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Our research

Violence against women and children affects everybody. It impacts on the health, wellbeing and safety of a significant proportion of Australians throughout all states and territories and places an enormous burden on the nation’s economy across family and community services, health and hospitals, income-support and criminal justice systems.


News and events

ANROWS hosts events as part of its knowledge transfer and exchange work, including public lectures, workshops and research launches. Details of upcoming ANROWS activities and news are available from the list on the right.



ANROWS was established by the Commonwealth and all state and territory governments of Australia to produce, disseminate and assist in applying evidence for policy and practice addressing violence against women and their children.



To support the take-up of evidence, ANROWS offers a range of resources developed from research to support practitioners and policy-makers in delivering evidence-based interventions.


Exploring the client-worker relationship in men’s behaviour change programs

June 2020

The project explored the perceptions of multiple stakeholders about how the client-worker relationship influences each man’s change in attitude and behaviour, as well as his engagement in men’s behaviour change programs (MBCPs).

The study involved 65 semi-structured, conversational style, in-depth interviews with MBCP participants, MBCP facilitators, supervisors of facilitators, and partners/ex-partners of participants.

The study was conducted in partnership with two MBCPs at three sites: the Men and Family Centre in Lismore and Tweed Heads, New South Wales; and Centacare in Southport, Queensland.

The study found that facilitators of MBCPs can build personalised client–worker relationships, using self-disclosure to forge an emotional bond and build trust with participants. These personalised client–worker relationships can create an environment conducive to behavioural and attitudinal change.

The study highlighted that there is a risk of collusion when facilitators have a strong emotional investment in participants and identified ways in which collusion can be prevented.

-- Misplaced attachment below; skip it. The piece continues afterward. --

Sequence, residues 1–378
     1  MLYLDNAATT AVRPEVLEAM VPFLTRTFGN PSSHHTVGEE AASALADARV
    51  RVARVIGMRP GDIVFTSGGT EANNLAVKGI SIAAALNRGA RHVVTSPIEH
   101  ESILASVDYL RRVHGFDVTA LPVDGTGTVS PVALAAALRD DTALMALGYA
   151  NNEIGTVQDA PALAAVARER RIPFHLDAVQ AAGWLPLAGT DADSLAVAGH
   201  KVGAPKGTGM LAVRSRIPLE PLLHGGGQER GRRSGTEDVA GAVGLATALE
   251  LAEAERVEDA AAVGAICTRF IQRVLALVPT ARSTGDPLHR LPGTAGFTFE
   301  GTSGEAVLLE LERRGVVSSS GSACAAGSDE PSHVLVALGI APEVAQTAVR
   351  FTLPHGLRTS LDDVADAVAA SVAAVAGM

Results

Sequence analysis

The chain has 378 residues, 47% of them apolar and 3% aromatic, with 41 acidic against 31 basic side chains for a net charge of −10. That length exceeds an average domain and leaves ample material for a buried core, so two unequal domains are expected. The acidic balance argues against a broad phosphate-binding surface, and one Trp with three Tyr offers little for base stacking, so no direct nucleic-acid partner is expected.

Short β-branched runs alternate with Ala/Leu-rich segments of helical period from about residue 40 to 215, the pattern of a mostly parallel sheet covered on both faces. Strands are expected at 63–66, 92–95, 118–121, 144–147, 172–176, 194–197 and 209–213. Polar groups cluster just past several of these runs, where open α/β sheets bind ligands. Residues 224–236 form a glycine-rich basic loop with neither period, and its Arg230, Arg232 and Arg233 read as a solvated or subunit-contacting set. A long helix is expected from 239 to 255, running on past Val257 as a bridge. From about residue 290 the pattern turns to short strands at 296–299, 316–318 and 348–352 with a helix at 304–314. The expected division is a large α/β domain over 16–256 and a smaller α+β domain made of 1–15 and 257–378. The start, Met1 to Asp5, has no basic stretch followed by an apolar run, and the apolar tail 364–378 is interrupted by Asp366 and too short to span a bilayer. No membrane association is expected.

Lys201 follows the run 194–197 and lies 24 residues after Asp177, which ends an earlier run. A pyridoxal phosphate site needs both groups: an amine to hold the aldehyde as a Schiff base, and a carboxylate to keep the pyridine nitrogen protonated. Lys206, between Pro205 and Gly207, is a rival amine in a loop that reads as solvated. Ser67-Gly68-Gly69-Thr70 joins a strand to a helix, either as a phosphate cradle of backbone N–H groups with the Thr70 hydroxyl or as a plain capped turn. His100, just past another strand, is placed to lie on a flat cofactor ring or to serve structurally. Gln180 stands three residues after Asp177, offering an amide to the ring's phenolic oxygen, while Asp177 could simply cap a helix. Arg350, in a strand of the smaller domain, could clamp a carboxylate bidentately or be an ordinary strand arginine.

The study also found that maintaining personalised client–worker relationships can heighten the emotional load on facilitators, and that this can manifest in gendered ways.


Project Lead

Dr Elizabeth Reimer, Southern Cross University

Practitioner expertise

Mr Luke Addinsall, Men and Family, Lismore and Tweed Heads (NSW)

Mr Steven Dowker, Southport (QLD)


Research report

“Growing to be a better person”: Exploring the client­–worker relationship in men’s behaviour change group work programs


Research summary

The client–worker relationship in men’s behaviour change programs: Key findings and future directions



Using the client-worker relationship to engage men who use violence

This webinar explores how a personalised-client worker relationship in men’s behaviour change programs can encourage men to engage and develop their willingness to change.

Drawing on the research. the panel of researchers and practitioners discuss:
• how personalised client-worker relationship in MBCPs can enhance engagement with men who use violence
• how client-worker relationships are impacted by COVID-19
• the emotional load often experienced by facilitators and supervisors and ways managers and organisations can provide support
• policy and system level changes needed to support practice change
• future directions for practice and service delivery in MBCPs


  • Dr Elizabeth Reimer, Southern Cross University
  • Phil Jones, Men and Family Centre
  • Lizette Twisleton, No To Violence
  • Dr Kate Seymour, Flinders University

Facilitated by Michele Robinson, ANROWS



Funded by Commonwealth Department of Social Services.

find out more

Contact ANROWS

PO Box Q389, Queen Victoria Building NSW 1230
Email: enquiries@anrows.org.au      

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